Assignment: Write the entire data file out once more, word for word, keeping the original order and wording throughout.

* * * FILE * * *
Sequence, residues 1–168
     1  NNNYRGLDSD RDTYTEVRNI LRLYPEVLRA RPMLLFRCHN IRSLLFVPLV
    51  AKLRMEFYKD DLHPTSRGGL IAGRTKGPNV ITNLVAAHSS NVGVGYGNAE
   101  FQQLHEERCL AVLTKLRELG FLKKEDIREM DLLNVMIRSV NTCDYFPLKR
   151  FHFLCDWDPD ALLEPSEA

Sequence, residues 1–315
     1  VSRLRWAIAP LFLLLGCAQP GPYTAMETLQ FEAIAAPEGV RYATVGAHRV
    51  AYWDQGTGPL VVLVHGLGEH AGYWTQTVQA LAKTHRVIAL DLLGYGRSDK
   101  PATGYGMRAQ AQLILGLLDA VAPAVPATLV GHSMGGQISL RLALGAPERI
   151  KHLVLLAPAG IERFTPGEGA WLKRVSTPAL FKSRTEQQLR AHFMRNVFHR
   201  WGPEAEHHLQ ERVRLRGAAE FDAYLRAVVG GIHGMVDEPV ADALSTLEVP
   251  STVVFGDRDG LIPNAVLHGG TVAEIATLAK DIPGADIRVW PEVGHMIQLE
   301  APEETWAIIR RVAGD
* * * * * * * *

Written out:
Sequence, residues 1–168
     1  NNNYRGLDSD RDTYTEVRNI LRLYPEVLRA RPMLLFRCHN IRSLLFVPLV
    51  AKLRMEFYKD DLHPTSRGGL IAGRTKGPNV ITNLVAAHSS NVGVGYGNAE
   101  FQQLHEERCL AVLTKLRELG FLKKEDIREM DLLNVMIRSV NTCDYFPLKR
   151  FHFLCDWDPD ALLEPSEA

Sequence, residues 1–315
     1  VSRLRWAIAP LFLLLGCAQP GPYTAMETLQ FEAIAAPEGV RYATVGAHRV
    51  AYWDQGTGPL VVLVHGLGEH AGYWTQTVQA LAKTHRVIAL DLLGYGRSDK
   101  PATGYGMRAQ AQLILGLLDA VAPAVPATLV GHSMGGQISL RLALGAPERI
   151  KHLVLLAPAG IERFTPGEGA WLKRVSTPAL FKSRTEQQLR AHFMRNVFHR
   201  WGPEAEHHLQ ERVRLRGAAE FDAYLRAVVG GIHGMVDEPV ADALSTLEVP
   251  STVVFGDRDG LIPNAVLHGG TVAEIATLAK DIPGADIRVW PEVGHMIQLE
   301  APEETWAIIR RVAGD